The recent protests from the local community regarding the new common core curriculum for public schools prompted me to reflect on some of the differences between the common core program and our independent school program here at Staten Island Academy.
The first difference that I see is in the admissions process. The critics of the common core cite that there has been an ineffective dialogue between the families, communities and the administrations on how and what their children are going to learn. Here at the Academy, before a child enrolls, they have to go through extensive interviews at the school where we can assess each student individually in order to come up with an academic program that suits each child based on their interests, their strengths and their weaknesses.
Another difference is the core’s focus on standardized testing and facts. At an independent school like ours, we want you to think and question on your own. It is not enough to know that the American Civil War took place from 1861-1865. Our students need to know the cause of a civil war and what constitutes a civil war, be it in the Balkans, Africa or Western Europe. As advocated by the Harvard School of Education we want our students to arrive at unexpected answers, ask unfamiliar questions and seek fresh ways of thinking. We believe that in order for students to maximize the highest quality of their minds they must have the time to play with ideas.
We are also very proud of the versatility of our academic program, which is crucial for students’ success in today’s ever-changing and dynamic world. The common core program, which has been adopted in 46 states, is such a large standardization of education that, to a degree, it renders its program static. At the Academy, when we looked at the needs of each and every child in the 21st century, we were immediately and seamlessly able to incorporate programs in coding, robotics and Singapore mathematics to our curriculum. To that end, we like to think that ours is a program that is agile, unique and uncommon.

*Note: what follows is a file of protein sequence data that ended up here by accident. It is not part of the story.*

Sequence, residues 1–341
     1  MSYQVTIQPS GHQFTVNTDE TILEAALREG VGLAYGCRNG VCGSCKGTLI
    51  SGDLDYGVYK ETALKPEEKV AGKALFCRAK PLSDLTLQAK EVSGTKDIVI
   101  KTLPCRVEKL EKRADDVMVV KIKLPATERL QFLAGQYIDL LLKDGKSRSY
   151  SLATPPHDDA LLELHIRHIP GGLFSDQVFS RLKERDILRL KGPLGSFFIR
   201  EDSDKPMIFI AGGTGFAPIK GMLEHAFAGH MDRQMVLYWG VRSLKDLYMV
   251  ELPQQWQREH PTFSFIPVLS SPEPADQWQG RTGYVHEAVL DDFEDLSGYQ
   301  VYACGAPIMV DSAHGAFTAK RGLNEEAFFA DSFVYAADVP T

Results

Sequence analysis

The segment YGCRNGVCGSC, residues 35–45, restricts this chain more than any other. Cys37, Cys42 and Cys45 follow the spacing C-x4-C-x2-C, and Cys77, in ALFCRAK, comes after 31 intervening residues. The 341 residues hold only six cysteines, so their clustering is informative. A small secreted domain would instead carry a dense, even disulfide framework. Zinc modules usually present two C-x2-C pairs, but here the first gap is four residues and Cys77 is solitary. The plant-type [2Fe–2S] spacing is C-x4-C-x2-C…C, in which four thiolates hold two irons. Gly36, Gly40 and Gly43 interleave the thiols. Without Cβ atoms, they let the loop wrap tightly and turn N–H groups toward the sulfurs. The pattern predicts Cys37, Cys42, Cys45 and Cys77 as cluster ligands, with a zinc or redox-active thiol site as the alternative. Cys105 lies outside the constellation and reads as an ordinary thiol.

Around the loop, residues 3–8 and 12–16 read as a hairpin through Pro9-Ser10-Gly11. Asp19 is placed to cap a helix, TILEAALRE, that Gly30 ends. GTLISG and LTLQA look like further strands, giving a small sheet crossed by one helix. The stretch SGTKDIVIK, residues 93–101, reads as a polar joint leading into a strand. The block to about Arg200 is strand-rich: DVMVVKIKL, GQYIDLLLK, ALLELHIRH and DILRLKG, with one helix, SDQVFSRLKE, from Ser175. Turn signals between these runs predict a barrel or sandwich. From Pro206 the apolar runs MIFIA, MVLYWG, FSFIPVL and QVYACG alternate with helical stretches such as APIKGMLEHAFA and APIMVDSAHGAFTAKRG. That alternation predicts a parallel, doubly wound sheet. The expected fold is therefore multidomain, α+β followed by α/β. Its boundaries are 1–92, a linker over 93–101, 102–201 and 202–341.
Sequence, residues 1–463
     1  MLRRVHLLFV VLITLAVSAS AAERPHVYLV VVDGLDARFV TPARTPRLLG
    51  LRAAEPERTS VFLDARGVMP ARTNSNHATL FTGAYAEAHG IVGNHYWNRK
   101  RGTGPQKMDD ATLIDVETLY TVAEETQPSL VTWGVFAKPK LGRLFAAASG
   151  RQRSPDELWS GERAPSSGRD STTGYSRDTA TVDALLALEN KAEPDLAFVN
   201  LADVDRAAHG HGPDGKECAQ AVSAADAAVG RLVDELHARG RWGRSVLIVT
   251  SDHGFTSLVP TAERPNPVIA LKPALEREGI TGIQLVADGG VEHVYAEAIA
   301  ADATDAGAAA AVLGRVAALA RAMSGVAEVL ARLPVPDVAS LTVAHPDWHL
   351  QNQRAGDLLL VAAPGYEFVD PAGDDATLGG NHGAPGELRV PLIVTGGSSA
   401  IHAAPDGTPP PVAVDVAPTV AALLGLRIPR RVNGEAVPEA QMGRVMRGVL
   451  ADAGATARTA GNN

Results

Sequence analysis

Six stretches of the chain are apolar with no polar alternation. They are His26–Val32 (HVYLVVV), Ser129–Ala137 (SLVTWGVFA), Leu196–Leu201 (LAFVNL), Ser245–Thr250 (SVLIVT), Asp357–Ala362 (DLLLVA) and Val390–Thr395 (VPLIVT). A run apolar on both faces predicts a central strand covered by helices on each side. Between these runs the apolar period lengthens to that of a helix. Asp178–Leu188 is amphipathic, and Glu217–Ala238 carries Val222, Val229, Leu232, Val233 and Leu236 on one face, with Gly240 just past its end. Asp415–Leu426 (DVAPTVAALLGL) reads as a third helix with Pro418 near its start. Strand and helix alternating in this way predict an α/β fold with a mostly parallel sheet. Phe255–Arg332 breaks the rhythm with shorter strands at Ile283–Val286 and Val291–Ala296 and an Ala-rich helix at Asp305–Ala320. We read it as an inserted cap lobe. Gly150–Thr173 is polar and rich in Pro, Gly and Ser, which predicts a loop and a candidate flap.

I applaud the fact that the Common Core is trying to improve its students for better performances in colleges and universities. While we are proud of SIA’s college matriculation list and how our students perform in colleges, at the Academy, getting into a good college is only a small part of what we are trying to accomplish with our students. We want our students to have a love of learning for a lifetime and to be the next great innovators or inventors of their century. The complexity of issues that will confront our students cannot be evaluated by simply standardized testing. Therefore, we offer a multitude of learning experiences by having our students work in collaborative learning groups, by having them enjoy experiential learning experiences in London, England and NYC as a class in Grades 9 and 10, by having them contribute to artistic endeavors where they learn the relationship between discipline and creativity, by having them engage in athletics where they learn teamwork in competition and by having service learning opportunities where they learn that it is a privilege to serve others.
Ultimately, we want our children to plumb the depths of each and every issue that they encounter with curiosity and joy. The students who will be empowered today will be those students who are in possession of great imaginations and intellects, with an eye on innovation and entrepreneurship. Our aim is to prepare students for life so that they are able to know clearly, serve humbly and lead firmly.